Why Did Forced Separation from the Land Have Such a Devastating Impact on Australian Aboriginal Culture?

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Essay Question: Why did forced separation from the land have such a devastating impact on Australian Aboriginal culture?

For an estimated sixty thousand years Indigenous people lived, surviving off the land, in what is now known as Australia. On January 26th 1788 the first British to settle Australia arrived at the location that is presently called Port Jackson near Sydney. This arrival marked the beginning of a new era in Aboriginal history that saw over the next two hundred years the forcible separation of indigenous people from their traditional homelands. It caused widespread devastation to their culture. This essay will examine why forced separation from traditional lands had such a devastating impact on Australian Aboriginal culture. Firstly, I briefly examine the history of British settlement and the land policies implemented. I will then establish that land for Australian Aboriginals was the base upon which their cultural practices rested. It follows that by not being able to access their land, they effectively were rendered unable to continue these traditions. The devastation this caused was compounded by the fact that Aboriginal societies were oral societies, meaning once knowledge was lost it was lost forever. It is for these reasons forced separation from the land had such a devastating impact on Aboriginal culture.

The British brought a very different view of land ownership to Australia when the arrived in 1788. Over the last two hundred years in England new land reforms had began which “put the property rights of an owner above that of the liberty, even the life, of another person.”[1] This meant that when settling colonies British forces had the lawful right to deny access to land they claimed as their own. In the case of Australia the British saw Aboriginals as savages without government or law. Captain Cook reflected this view when saying they were “like wild beasts.”[2] Being accustomed to growing crops and raising livestock in order to feed themselves, the colonialists did not understand traditional indigenous use of the land. Also because the land was not broken up into easily distinguishable plots, as was in England, they saw it as a no mans land they could claim.[3] The British began giving Aboriginal land they claimed as their own to settlers and freed convicts.[4] They deemed their own use of the land more important than the indigenous populations and “traditional hunting grounds were taken over for agricultural and pastoral uses.”[5] This process continued over the next two hundred years, in one way or another, until the majority of Aboriginal groups over the country were forced off their traditional lands.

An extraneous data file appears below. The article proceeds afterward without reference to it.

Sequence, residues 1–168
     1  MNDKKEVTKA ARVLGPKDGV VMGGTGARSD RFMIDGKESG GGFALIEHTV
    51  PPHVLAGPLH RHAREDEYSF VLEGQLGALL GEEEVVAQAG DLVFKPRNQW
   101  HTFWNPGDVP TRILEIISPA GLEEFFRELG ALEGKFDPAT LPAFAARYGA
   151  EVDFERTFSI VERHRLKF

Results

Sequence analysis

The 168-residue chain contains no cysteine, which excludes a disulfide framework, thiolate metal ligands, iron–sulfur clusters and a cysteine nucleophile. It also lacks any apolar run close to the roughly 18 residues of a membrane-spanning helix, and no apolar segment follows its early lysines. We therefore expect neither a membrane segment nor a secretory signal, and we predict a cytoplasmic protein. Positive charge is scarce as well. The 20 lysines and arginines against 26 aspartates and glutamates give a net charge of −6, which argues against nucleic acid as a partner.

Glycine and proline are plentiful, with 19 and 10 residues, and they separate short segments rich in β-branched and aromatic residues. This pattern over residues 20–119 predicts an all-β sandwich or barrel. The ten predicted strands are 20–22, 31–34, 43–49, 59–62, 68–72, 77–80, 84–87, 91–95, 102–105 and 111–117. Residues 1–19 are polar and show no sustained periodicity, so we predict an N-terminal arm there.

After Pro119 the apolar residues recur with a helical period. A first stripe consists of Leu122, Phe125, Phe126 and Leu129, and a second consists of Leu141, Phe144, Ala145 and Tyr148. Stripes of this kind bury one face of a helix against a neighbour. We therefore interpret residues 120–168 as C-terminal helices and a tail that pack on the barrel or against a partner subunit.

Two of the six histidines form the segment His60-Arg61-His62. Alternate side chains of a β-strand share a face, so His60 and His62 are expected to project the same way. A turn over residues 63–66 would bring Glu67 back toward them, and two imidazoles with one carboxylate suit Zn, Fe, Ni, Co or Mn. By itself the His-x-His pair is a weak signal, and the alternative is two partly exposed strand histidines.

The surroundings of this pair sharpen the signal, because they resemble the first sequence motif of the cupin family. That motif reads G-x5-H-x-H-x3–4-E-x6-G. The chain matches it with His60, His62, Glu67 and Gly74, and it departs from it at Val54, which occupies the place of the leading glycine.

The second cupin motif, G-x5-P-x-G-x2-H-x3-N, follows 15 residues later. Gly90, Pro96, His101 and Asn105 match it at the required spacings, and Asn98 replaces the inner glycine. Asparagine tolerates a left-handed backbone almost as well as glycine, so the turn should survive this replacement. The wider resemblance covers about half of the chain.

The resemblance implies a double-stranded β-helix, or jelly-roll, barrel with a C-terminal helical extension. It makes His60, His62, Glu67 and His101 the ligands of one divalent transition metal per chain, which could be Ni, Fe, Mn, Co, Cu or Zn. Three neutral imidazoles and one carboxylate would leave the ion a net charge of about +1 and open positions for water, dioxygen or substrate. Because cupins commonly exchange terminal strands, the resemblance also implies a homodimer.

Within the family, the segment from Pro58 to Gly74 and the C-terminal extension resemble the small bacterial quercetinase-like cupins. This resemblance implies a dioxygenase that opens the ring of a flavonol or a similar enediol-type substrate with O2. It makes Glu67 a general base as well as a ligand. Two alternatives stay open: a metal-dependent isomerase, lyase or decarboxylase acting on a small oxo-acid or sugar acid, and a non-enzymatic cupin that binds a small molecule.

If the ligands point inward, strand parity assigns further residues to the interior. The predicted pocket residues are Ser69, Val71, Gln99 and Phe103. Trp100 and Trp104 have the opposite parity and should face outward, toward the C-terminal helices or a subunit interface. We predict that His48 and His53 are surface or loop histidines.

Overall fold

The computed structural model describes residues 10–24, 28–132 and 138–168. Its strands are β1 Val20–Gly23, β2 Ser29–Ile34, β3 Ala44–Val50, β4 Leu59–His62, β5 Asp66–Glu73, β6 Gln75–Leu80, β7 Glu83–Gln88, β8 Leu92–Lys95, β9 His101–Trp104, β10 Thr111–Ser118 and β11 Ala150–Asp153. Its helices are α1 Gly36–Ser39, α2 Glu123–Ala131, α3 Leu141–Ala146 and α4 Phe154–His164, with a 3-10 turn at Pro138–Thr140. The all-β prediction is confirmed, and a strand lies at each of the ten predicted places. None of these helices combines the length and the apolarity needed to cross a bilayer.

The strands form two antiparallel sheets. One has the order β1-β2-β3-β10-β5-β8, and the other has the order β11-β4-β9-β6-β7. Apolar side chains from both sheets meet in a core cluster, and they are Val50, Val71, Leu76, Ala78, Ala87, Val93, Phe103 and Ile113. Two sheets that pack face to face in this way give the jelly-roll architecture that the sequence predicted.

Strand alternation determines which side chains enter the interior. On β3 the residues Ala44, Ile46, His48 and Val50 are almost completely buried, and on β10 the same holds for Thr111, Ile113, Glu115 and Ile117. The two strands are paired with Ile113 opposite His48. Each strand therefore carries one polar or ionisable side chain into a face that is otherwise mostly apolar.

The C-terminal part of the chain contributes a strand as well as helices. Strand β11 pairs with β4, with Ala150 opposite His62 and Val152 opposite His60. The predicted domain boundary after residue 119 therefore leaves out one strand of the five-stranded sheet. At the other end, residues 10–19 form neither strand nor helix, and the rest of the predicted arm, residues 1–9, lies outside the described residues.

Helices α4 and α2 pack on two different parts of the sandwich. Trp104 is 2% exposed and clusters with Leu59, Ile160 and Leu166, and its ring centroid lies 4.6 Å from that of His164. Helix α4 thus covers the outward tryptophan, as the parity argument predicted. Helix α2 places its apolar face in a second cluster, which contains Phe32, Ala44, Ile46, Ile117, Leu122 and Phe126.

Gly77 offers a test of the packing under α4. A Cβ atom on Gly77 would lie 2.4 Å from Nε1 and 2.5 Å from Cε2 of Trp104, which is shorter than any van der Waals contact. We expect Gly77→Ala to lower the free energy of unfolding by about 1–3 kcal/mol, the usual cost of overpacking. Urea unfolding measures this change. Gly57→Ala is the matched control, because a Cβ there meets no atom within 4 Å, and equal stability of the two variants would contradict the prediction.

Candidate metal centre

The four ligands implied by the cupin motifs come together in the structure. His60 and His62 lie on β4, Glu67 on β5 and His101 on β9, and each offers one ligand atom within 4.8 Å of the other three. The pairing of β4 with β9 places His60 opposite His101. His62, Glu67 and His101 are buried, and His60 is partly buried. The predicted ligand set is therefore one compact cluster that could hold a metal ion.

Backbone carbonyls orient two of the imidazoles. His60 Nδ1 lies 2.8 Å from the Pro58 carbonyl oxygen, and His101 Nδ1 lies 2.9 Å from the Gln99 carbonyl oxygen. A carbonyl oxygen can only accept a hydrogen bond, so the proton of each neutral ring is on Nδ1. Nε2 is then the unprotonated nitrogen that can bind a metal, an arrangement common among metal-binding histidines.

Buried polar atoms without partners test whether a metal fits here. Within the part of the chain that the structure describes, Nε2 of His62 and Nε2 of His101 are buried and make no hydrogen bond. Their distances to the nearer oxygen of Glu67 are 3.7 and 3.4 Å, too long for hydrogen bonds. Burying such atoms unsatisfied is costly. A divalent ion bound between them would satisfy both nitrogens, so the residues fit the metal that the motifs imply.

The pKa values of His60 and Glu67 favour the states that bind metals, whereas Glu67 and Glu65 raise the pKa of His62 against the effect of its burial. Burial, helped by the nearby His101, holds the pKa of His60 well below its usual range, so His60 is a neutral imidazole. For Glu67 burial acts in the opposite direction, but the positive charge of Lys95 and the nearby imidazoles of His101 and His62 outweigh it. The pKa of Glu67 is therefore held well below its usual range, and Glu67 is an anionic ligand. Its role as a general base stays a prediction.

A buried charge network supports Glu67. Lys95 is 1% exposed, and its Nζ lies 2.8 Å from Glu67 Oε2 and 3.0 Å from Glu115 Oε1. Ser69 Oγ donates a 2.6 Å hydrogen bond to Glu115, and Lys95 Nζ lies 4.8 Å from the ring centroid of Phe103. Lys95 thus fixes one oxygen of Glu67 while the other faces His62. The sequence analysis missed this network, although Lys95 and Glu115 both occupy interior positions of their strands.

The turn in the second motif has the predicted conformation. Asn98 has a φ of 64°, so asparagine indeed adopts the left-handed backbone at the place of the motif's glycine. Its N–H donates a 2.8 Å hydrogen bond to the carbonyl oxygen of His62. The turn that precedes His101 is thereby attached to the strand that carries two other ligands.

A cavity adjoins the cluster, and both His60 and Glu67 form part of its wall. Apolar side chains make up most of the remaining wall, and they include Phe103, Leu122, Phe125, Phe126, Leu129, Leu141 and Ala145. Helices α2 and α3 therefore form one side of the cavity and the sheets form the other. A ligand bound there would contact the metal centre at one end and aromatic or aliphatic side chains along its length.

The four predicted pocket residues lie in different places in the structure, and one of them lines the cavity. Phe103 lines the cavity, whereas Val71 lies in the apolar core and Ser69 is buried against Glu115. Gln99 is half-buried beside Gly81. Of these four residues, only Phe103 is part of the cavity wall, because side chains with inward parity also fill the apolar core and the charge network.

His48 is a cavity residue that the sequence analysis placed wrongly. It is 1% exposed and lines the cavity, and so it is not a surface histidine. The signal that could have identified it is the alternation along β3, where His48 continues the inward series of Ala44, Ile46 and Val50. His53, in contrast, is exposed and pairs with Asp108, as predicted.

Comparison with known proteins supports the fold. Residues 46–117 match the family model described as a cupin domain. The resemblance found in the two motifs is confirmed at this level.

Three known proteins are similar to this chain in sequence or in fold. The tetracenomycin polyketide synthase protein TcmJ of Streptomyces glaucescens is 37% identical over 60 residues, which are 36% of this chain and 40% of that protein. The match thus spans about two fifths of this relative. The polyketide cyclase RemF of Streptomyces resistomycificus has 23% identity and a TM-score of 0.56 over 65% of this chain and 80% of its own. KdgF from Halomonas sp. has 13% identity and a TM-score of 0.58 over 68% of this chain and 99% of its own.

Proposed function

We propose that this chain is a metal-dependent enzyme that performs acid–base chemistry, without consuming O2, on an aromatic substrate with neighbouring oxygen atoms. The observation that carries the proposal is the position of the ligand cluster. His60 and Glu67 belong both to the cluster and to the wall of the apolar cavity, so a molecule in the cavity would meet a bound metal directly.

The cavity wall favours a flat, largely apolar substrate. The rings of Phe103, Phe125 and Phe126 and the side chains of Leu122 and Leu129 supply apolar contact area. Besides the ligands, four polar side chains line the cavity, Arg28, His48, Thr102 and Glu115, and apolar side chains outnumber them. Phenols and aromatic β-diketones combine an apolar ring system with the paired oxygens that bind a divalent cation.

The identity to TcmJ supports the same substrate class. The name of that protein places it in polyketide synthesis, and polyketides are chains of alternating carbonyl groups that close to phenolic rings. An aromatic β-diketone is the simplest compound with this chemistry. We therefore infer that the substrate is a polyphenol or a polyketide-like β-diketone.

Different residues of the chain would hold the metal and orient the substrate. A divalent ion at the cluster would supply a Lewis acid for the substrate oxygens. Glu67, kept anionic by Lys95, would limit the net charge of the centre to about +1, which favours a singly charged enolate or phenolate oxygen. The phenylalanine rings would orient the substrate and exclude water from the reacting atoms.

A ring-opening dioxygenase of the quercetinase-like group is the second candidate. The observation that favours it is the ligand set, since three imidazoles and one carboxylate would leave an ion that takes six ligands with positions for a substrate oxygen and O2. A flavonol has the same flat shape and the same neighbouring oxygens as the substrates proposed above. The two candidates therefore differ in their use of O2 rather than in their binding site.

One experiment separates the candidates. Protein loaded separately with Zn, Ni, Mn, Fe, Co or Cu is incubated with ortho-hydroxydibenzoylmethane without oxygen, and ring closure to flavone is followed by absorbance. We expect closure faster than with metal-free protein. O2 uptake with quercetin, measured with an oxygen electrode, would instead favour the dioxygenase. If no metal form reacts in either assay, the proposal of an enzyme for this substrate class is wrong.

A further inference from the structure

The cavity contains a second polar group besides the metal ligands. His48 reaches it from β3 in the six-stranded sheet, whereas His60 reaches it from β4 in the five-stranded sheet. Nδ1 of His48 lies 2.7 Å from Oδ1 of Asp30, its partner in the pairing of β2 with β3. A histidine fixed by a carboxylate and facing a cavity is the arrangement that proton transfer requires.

County for Australian Aboriginals was, and still is, the center point of their respective traditional cultures. Before settlement in 1788, Richard Broome writes, “Local country provided food and water, formed the wondrous space through which they moved each day, and the place they slept at night under the starlit canopy.”[6] As their livelihood depended on the land, it follows they had a very close relationship with it. With this in mind it seems natural that each Aboriginal group’s culture revolved around the land they inhabited. It formed the base on which their lifestyles and cultural practices were built upon. These cultural practices included traditional law, songs, stories, survival knowledge, language, ceremonies and custodian obligations to the land. The history of who they were was told by referencing the land they lived on.[7] Ancestors were embedded in places on traditional lands, their spirits still living.[8] Ceremonies and custodial practices to revitalize the land were held on specific times of year at specific places. The ritual burning ceremonies by the South Western Australian Noongar people are an example of this.[9] They were done every few years in order to revitalize the land to bring new plant growth and attract new game....
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